He doesn’t “play” games on the computer but rather watches videos of games. Minecraft in particular. The language and themes tend to be for an older age group. He shows no interest in games made for his age that would require him to think for himself. They don’t have to be necessarily educational either.

When in trouble, he is gounded from the computer. Unfortunately, this is quite often. A Big Brother has finally come into their lives. It is hopeful they will find another interest besides computer videos. I try to find other interests for him but at my age, I cannot go out and “do” the things a boy of his age should be doing. He has yet to learn to ride a bike, not interested in boating, tried roller skating – too much falling, doesn’t climb trees or build forts like we did in my day.

Life is too easy for kids these days and I think, too boring so they aren’t challenged to think for themselves. Thoughts??? Anyone???

I have a story to tell you. When I was much younger I had serious coordination problems actually I still do, but a very wise person told my parents to get a computer and a game system. The games I played were simple by today’s standards but they made slowly building those motor skills fun and possible to work on without a playground full of laughing children. I love video games, but I also love reading, and the outdoors. People with this condition rarely learn to drive a car or do a lot of other things I have accomplished. Like many inherantly neutral things in life, video games are a good thing, in moderation. They help us to relieve stress, if online they can allow interaction with great people as easily as the bad ones. I know of distant family members and friends who have moved away who are able to stick together in games. Games like books are interactive, and not every game with something worthwhile to teach has an educational label. If your kids like games and you want them outside work on building an obstacle course like their favorite game, encourage them to learn programming, painting, writing, sculpture. Look into games that explore scientific concepts, teach positive values, or kindle an interest in history.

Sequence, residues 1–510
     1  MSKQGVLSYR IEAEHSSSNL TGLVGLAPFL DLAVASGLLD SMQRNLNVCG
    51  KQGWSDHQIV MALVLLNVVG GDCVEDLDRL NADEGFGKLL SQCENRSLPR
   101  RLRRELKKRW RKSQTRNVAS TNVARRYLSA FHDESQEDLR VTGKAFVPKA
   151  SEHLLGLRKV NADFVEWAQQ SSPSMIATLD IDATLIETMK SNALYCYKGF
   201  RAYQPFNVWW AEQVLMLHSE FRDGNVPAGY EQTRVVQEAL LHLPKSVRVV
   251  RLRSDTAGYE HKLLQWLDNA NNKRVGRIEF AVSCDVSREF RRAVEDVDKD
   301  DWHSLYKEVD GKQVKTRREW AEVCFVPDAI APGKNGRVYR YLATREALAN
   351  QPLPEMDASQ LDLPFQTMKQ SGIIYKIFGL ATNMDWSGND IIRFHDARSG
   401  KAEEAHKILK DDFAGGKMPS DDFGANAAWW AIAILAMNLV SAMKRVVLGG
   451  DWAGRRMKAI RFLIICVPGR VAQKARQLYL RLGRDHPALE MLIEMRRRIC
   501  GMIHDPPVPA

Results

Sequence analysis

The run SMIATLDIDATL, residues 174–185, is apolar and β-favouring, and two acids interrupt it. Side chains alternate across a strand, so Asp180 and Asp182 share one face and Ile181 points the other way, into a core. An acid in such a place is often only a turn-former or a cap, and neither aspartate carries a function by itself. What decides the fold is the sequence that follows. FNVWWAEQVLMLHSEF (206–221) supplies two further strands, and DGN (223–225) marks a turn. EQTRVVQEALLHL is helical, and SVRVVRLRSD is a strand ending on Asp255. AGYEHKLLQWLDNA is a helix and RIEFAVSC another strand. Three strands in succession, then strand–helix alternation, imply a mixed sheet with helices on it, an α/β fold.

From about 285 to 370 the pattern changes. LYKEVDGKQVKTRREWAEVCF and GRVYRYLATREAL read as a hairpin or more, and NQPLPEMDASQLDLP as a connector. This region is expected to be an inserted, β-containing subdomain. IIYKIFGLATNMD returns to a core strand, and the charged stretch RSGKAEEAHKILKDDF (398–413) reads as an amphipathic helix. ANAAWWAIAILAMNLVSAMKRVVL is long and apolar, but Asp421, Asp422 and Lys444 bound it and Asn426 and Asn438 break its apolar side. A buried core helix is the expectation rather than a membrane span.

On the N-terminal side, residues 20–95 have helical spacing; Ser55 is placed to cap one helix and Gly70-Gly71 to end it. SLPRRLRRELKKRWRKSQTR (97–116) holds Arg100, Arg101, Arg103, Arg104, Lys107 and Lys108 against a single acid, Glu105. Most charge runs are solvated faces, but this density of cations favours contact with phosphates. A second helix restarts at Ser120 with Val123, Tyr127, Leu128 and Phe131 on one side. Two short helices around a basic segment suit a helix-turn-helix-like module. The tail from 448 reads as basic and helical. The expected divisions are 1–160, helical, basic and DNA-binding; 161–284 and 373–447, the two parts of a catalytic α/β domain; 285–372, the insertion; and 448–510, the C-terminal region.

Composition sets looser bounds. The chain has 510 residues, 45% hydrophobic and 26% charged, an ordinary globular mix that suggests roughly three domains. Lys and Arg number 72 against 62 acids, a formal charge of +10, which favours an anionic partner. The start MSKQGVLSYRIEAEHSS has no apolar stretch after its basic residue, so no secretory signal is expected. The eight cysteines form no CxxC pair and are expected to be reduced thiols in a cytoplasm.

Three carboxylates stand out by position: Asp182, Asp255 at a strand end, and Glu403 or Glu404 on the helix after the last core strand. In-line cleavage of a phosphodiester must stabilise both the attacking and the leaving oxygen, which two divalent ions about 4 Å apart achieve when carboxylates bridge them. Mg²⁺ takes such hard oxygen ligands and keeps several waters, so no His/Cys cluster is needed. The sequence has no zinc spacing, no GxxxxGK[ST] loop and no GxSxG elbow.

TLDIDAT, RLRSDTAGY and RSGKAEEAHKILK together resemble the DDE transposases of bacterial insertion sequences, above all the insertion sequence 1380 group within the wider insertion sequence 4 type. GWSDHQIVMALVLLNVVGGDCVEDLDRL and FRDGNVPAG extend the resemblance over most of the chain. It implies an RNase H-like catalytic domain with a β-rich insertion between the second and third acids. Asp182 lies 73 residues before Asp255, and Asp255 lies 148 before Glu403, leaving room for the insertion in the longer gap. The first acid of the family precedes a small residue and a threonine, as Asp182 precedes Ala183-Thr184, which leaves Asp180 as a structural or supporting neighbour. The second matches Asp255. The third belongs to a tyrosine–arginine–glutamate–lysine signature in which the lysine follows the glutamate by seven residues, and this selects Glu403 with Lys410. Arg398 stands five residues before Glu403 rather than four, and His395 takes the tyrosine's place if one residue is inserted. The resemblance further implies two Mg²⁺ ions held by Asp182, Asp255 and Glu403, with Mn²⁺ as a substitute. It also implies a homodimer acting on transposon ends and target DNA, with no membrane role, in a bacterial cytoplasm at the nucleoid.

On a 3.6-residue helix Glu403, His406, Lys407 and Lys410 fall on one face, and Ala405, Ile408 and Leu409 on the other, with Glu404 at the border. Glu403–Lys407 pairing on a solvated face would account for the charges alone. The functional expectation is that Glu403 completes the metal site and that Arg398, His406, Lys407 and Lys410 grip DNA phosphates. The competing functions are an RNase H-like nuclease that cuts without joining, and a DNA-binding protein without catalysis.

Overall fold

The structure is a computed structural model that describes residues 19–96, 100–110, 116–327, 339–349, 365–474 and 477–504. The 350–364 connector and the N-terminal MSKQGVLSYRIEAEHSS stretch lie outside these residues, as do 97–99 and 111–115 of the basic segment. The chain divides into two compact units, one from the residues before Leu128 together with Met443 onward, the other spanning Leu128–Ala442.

As other users have said, you are the parent, make video games a positive part of a well balanced world from the start (I started playing offline games at 6 years old) and you will enjoy being the parent of a gamer

I thought by Games it meant that you all had games on this Website. But it turns out that you guys did not have it at all so you guys just fooled me. So shame on you but you guys gave me good advise about parenting and I took notes. So you guys have a advantage but a disadvantage too.

my child is happy

Video games can only ever be as bad as you allow them to be. Yu choose what to get them. Just be educated and know what they are playing